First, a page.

How COVID-19 wreaked havoc on Southeast Asia’s stock markets

Photo: Csaba Nagy / Pixabay

A new report details the extent to which the coronavirus pandemic is affecting the region’s stock markets and how quickly those markets have started to recover. It offers some insight into how the region’s markets  might handle future shocks.

By John Pennington

Southeast Asia’s stock markets contracted after the coronavirus pandemic arrived in the region earlier this year. According to a report from Indonesian insurance company Lifepal comparing all nine regional stock markets—Brunei does not have an exchange—the average performance was -12.51% between January and August 2020.

“There is not a single stock index in ASEAN that is moving positively in the past eight months,” the report noted. Amid economic uncertainty in the face of COVID-19, investor confidence disappeared. However, markets began to recover once governments eased lockdowns and economies got moving again.

Which markets suffered most and which are recovering best?

Singapore’s Straits Times Index (STI) was hit hardest, down 22% since the start of the year, and the report labels it the weakest of the markets it studied. The report puts its poor performance down to the drop-off of manufacturing due to a freeze on exports and declining tourism as well as severe lockdown conditions.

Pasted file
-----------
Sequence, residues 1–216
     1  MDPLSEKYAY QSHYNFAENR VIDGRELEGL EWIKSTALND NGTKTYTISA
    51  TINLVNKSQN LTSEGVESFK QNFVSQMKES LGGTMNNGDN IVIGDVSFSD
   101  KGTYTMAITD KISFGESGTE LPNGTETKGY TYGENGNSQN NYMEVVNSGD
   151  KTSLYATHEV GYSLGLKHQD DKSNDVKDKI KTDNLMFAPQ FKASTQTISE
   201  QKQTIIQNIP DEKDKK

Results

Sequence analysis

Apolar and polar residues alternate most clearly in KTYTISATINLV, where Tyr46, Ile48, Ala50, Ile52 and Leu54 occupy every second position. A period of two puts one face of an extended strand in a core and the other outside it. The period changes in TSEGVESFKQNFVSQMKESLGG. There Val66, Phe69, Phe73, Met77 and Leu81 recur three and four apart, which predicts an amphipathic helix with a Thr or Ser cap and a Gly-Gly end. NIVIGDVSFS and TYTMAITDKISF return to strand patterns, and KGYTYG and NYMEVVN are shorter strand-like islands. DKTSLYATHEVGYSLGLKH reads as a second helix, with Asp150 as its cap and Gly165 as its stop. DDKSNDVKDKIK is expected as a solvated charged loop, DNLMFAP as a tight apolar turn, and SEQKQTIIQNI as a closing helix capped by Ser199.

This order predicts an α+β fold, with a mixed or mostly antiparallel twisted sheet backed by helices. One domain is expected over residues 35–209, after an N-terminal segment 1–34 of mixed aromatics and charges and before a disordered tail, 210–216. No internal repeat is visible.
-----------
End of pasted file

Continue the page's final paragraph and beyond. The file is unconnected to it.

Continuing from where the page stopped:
Meanwhile, its neighbors fared better as Bursa Malaysia (KLSE) is making the strongest recovery in Southeast Asia. It decreased at a rate of 3.86% after Malaysia’s government lifted lockdown conditions in June and announced a stimulus package to get the economy moving again.

Source: Lifeco

No absolute link between COVID-19 case numbers and stock market performance

There is no consistent correlation between the number of COVID-19 cases and stock market performance. For example, Laos (22 reported cases at the time the report was published) and Thailand (3,411 reported cases) ranked seventh and eighth in terms of performance (-17.28 and -18.91% respectively). Singapore, while badly hit with 56,717 cases, performed worst, despite having three times fewer cases than Indonesia.

Meanwhile, the Philippines and Indonesia, the region’s worst-hit countries where cases are on the rise, ranked fifth and sixth respectively in terms of market contraction. After declining by 19.46% from January to July, Lifeco reported that Indonesia’s exchange (IDX) was showing signs of rebounding, with its contraction at 15.36% when considering data from January through August.

However, after Indonesia’s government announced a return to lockdown conditions from today (September 14), there was an immediate drop of around 5%, wiping out that recovery. Indonesia’s experience serves as a warning that should cases continue to rise in the region, lockdown measures will once again lead to stock markets contracting sharply, which will further dampen investor confidence. “While there are lockdowns happening it’s difficult to put extra money there, not knowing how long you’re going to wait for,” said Sean Taylor, chief investment officer in Asia for German firm DWS.